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Patriots captain Matthew Slater gives insight into his offseason mindset, eventual post-retirement plans

Coming off his 15th season, Slater’s future remains uncertain.

New England Patriots v Arizona Cardinals Photo by Cooper Neill/Getty Images

Among the most intriguing storylines for the New England Patriots this offseason is the future of long-time team captain Matthew Slater. The 37-year-old is not guaranteed to extend his career into what would be a 16th season in the NFL.

So far, Slater has not announced a decision yet. The fact that he is taking his time should not necessarily be seen as a sign that he is trending one way over the other, something he pointed out during a recent appearance on Tim Hatch Live.

“It’s something that we’re still very much praying through,” Slater said during the interview that was filmed two weeks ago. “I have to be honest, it’s one of the most difficult decisions of my life. You know you have a passion and a love for something, but things change in life. Things change, and it’s not just about what I want now. I have to consider what Shahrzad wants, I have to consider what’s best for our children.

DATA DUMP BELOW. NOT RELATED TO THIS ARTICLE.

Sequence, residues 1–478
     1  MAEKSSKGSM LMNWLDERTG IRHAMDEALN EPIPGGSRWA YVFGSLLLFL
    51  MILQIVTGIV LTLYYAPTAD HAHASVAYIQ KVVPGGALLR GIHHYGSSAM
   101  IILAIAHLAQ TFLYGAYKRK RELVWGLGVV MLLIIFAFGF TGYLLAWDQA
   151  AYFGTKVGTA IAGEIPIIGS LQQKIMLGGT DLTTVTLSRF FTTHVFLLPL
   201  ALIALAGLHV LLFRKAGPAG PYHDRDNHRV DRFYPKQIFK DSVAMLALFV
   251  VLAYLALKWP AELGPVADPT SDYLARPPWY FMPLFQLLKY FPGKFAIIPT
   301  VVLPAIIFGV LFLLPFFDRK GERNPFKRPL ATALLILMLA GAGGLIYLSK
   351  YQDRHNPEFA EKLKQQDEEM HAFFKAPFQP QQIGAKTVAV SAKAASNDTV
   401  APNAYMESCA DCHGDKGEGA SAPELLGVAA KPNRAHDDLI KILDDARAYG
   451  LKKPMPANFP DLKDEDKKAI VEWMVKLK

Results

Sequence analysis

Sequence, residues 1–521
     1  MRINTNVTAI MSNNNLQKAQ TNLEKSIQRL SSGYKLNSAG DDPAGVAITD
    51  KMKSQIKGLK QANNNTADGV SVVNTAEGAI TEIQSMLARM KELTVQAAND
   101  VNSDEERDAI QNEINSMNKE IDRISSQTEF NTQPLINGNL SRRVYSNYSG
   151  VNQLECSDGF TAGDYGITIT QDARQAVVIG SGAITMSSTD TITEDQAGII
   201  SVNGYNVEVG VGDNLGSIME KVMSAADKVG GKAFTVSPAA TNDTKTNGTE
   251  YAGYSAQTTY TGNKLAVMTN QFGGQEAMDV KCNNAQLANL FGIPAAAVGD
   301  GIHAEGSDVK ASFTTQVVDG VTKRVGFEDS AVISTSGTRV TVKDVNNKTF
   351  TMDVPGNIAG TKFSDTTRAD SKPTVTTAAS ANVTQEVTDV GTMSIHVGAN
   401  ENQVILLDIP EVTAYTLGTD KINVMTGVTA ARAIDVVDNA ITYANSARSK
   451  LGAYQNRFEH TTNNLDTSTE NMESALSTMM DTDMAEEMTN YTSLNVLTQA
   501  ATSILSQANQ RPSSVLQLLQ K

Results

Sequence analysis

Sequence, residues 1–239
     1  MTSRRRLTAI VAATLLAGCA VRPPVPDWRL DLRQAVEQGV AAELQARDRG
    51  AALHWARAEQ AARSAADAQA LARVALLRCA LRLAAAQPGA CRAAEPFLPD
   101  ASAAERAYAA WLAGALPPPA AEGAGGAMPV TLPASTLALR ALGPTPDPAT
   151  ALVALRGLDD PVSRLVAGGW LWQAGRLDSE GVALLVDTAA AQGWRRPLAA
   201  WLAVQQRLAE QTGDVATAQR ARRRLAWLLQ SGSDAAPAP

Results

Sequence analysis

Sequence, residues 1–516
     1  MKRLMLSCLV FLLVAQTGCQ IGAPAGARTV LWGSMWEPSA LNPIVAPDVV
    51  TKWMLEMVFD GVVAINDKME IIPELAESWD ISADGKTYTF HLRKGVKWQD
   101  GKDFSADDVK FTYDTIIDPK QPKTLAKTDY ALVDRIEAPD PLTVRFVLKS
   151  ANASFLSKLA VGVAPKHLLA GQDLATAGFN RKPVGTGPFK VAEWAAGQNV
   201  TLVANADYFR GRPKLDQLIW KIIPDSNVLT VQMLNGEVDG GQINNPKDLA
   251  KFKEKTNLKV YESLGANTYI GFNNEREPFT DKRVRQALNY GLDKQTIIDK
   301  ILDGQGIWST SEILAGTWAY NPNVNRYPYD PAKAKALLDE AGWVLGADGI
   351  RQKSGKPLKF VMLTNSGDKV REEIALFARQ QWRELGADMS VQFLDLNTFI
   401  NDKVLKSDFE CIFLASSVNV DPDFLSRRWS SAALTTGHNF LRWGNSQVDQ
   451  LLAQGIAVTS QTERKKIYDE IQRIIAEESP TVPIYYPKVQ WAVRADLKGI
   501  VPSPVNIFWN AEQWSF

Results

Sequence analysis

“So, we’re praying through it. I’m not closing the door, I’m not saying, ‘Yay’ or ‘Nay.’ I’m going to take my time and hopefully hear from the Lord on it.”

Slater originally entered the NFL as a fifth-round draft pick by the Patriots in 2008. While having virtually no impact at his listed position of wide receiver, he developed into the NFL’s premier special teams player of his generation.

As such, he appeared in a combined 248 regular season and playoff games for the organization and helped bring three Super Bowls to New England. Additionally, he earned himself 10 Pro Bowl nominations.

His impact on the Patriots and the NFL extends far beyond the field, however. Slater is also one of the most respected players in the entire league and a one-time Bart Starr Award winner. The knowledge and leadership he developed through his career is also something he wants to put to use after his retirement, whenever it will come.

“I will always consider myself a New England Patriot,” he said when asked if coaching would be something he would consider. “So, if I can serve in the role of a coach, administrator on the staff, that’s something that I would welcome with open arms. We’ll see. There’s always change in football, so we’ll see what plays out.

“But I think the Lord has given me so much and taught me so much, it’d be a shame just to end with me. I’d love to continue to pass those things along to the next generation.”